Wednesday, April 27, 2011

Working with what you've got | Shoe edition

Months and months ago, I talked about how to care for your clothes and help them last longer.  It's one thing to keep a pair of slacks for five years, wearing them just a few times a month, but what about shoes? Due to the very nature of their purpose—protecting your feet—they're subjected to tons of wear and tear.

I don't know about you, but my kicks get quite the beating.  While I have quite the assortment of work shoes, the classics (black pumps, peep-toes, lower-heeled pumps) really get the workout, often making it into the rotations more than once per week.  Frequent wear, coupled with my walking schedule (a few blocks a few times a day) and surface (usually uneven asphalt near work and paving stones all around my apartment) really wear shoes down quickly.

Heel tips
Replacing the worn down tips of your heels is by far the easiest and cheapest way to keep your shoes lasting a long time. I get mine done usually 2-3 times a year.  You can do it at home (see Real Simple's real simple instructions here) or go to any local cobbler.  The shop I frequent only charges $8 per pair to do tips, which works for me. I usually go the second I see any nail poking through on the bottom—walking directly on the nail can do some damage to the rest of the heel.

The second most common problem I have is the soles at the toes of my shoes wearing down...something about how I drag my feet when I walk and the fact that I often wear pointy-toed shoes really optimizes this problem.  This is a quick and easy fix for any cobbler, and I usually just assess the toes when I take my shoes in for their heel tips.

Every so often it is also a good idea to resole your whole shoe. I'm not exactly sure when to do this, but I've had it done twice—once when it was recommended by the cobbler (the shoes were three years old, so I trusted they probably needed it) and another time when I'd somehow gotten a hole in the sole.

Most of my work shoes are leather or suede, which can be pretty pricey. Since nearly everything else can be replaced, the condition of a shoe's upper is what can either drive me to keep an old shoe or toss it.  Keep your leather clean and conditioned to lengthen the life of the shoe.  Leather (non-suede) can be cleaned with a damp cloth (see Weatherproofing below for how to get rid of salt stains), and conditioned with a clear product like Leather Lube (stop giggling).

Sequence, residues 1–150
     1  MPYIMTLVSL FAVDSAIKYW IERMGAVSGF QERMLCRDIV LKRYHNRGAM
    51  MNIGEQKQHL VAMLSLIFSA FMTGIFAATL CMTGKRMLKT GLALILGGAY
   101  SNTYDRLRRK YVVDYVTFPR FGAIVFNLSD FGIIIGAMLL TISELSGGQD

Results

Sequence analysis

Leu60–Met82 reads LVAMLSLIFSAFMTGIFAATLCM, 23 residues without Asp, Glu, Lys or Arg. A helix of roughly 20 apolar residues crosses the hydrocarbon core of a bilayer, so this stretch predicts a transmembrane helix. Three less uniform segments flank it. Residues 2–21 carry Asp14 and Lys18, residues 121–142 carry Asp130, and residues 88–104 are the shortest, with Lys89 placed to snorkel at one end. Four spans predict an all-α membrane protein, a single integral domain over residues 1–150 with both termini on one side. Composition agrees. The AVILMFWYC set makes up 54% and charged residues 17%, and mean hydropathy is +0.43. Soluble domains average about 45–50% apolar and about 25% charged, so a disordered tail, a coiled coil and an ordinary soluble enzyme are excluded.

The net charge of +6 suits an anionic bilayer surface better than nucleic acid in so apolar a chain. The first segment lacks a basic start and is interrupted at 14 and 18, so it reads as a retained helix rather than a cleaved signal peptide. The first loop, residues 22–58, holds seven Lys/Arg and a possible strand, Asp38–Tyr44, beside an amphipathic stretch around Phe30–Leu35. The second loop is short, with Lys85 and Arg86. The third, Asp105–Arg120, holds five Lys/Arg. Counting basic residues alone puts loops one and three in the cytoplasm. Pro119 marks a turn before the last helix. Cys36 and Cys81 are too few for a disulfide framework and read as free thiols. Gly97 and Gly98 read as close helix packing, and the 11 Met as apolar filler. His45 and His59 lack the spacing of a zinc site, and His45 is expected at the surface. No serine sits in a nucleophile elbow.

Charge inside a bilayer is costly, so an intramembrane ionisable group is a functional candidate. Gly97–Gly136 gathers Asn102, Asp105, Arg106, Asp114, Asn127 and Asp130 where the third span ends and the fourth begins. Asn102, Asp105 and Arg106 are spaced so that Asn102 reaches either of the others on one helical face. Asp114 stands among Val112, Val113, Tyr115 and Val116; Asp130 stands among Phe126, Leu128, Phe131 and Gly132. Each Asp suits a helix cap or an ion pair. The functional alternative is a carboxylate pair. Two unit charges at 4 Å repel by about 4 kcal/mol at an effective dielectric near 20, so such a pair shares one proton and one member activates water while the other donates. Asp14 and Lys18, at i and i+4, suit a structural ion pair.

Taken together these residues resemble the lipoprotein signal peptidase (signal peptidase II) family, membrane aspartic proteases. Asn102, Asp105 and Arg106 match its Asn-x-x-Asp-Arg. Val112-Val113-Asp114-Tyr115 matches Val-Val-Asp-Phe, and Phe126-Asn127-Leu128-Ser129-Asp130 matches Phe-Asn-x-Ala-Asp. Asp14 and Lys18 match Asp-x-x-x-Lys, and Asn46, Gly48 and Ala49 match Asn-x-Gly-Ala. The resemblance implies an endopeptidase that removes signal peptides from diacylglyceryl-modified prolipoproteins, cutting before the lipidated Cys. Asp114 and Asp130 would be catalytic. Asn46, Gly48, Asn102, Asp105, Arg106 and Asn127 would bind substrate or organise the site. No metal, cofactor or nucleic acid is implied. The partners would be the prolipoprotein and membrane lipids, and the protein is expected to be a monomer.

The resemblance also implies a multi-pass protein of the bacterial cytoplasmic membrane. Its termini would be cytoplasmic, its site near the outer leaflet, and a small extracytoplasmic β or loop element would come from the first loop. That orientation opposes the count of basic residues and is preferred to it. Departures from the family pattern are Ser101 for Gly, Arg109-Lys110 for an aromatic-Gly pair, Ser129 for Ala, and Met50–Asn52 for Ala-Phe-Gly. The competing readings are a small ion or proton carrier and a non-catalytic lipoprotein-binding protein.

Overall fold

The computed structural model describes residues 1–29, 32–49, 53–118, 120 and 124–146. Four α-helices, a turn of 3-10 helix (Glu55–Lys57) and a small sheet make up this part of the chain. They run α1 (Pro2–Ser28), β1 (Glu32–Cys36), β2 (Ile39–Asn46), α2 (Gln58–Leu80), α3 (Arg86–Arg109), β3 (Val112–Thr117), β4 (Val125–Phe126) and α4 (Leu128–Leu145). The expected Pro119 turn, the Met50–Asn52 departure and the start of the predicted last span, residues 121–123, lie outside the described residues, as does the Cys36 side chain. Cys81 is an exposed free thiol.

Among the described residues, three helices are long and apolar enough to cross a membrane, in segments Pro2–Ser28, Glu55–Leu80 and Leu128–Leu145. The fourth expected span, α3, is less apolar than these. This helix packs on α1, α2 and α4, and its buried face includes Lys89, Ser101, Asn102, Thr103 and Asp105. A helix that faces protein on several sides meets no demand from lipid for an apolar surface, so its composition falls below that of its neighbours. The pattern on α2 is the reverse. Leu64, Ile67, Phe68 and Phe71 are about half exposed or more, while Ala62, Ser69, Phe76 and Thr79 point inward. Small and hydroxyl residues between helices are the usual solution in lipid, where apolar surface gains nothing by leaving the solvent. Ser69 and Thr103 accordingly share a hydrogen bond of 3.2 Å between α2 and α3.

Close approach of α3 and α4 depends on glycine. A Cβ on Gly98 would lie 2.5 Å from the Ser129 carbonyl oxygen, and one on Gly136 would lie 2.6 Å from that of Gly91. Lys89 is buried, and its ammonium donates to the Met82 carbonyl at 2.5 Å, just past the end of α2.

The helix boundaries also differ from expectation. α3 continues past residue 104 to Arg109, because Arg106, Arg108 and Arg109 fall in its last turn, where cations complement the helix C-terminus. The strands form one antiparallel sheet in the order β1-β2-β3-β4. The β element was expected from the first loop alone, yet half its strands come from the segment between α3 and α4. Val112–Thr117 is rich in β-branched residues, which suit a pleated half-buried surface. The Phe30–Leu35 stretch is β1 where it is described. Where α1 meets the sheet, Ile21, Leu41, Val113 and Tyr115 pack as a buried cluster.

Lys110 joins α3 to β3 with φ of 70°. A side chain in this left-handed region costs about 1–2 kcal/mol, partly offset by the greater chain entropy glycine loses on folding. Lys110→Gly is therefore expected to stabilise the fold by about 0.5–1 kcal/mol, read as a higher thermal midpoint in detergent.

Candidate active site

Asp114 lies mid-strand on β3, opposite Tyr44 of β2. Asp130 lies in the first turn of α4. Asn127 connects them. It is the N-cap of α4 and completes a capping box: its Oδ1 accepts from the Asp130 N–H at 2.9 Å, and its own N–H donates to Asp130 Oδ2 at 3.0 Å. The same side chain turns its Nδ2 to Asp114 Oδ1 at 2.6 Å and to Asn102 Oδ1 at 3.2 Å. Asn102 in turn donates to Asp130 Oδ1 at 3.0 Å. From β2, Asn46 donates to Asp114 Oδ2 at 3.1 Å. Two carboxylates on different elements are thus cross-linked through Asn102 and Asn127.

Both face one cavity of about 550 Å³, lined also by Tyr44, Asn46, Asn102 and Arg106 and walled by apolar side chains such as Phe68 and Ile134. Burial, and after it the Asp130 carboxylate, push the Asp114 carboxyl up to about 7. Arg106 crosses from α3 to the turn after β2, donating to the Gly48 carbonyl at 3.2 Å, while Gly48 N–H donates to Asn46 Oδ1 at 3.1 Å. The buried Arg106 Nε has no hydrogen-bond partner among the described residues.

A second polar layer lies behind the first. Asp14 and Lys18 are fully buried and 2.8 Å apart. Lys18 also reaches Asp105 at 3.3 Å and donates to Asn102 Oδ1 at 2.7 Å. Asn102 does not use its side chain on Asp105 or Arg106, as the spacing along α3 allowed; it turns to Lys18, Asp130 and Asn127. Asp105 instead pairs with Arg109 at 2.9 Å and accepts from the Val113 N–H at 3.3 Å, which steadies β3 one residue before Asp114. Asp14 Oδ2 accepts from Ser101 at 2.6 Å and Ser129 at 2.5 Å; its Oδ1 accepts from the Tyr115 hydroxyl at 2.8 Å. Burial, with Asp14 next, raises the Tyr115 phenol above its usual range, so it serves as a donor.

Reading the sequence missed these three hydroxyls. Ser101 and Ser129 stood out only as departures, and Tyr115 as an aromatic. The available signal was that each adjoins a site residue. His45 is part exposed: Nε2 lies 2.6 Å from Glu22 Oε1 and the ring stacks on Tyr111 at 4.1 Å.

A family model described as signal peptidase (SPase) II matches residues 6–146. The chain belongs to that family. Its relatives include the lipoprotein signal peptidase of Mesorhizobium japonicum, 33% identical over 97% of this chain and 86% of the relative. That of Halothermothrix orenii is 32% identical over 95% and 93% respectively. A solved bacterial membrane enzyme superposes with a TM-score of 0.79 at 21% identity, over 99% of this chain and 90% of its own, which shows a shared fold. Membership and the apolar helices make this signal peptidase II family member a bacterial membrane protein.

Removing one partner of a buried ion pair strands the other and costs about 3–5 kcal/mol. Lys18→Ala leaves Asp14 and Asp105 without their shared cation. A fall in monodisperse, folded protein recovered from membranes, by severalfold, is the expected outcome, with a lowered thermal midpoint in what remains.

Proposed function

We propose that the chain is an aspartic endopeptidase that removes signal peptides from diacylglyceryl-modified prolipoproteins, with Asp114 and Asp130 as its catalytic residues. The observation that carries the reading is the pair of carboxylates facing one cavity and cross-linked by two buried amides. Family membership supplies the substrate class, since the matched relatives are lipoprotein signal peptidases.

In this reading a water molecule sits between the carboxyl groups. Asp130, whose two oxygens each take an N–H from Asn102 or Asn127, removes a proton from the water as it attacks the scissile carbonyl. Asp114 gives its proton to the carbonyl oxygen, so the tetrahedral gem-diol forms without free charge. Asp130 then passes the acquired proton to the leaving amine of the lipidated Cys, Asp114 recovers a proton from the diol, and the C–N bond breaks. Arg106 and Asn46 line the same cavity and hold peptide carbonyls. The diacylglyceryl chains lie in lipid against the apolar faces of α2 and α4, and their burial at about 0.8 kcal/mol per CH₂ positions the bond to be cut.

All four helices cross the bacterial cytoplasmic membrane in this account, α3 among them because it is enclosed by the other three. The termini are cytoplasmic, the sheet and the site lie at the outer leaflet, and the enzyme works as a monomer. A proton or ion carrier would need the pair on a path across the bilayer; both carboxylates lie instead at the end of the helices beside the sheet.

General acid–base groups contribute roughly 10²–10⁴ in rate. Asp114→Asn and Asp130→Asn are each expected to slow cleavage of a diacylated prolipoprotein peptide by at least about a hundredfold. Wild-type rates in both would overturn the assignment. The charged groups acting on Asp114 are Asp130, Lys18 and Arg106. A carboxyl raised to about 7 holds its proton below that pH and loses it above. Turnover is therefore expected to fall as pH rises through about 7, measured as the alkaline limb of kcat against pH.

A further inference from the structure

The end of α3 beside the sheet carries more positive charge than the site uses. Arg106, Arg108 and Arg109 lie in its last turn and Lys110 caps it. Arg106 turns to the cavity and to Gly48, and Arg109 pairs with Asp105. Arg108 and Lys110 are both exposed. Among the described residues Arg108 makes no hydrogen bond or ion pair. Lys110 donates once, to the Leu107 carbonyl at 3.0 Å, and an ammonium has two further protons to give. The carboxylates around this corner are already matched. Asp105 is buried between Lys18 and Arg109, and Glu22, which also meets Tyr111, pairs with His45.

Suede is a bit of a different beast.  If your suede is matted, rub a dry terry towel to restore some of the nap.  Dry stains can be cleaned with a pencil eraser.  Since this type of leather isn't smooth, conditioning is not necessary.

If you have canvas or other fabric shoes, ScotchGard can help weatherproof the shoe (make sure you have a well-ventilated space before you do this).  But what if your leather shoes have already gotten water or salt-stained (for those of you that live in areas where it snows). To get those unsightly water and salt marks off your leather, mix together equal parts distilled white vinegar and water; dampen a cloth with the mixture and wipe the salt stains off the shoe. Make sure to wipe off the liquid with a dry cloth afterward, and condition the leather (like above). 

While the above care tips also apply to boots, tall boots have an added challenge: ensuring the shaft of the boot keeps its shape. The easiest way I've found to do this is keeping rolled up magazines in my shoes and standing them up. Stuffing newspaper into them is also helpful (but who really gets the newspaper delivered anymore?). Paper in the shoe also soaks up any moisture and keeps your shoes from smelling less than fresh.

What are your shoe care secrets?


  1. it is definitely good to take care of your shoes, mine last a long time....but its more coz i have a lot of them so they dont get rotated so much!!!..some are worn once in six months!!!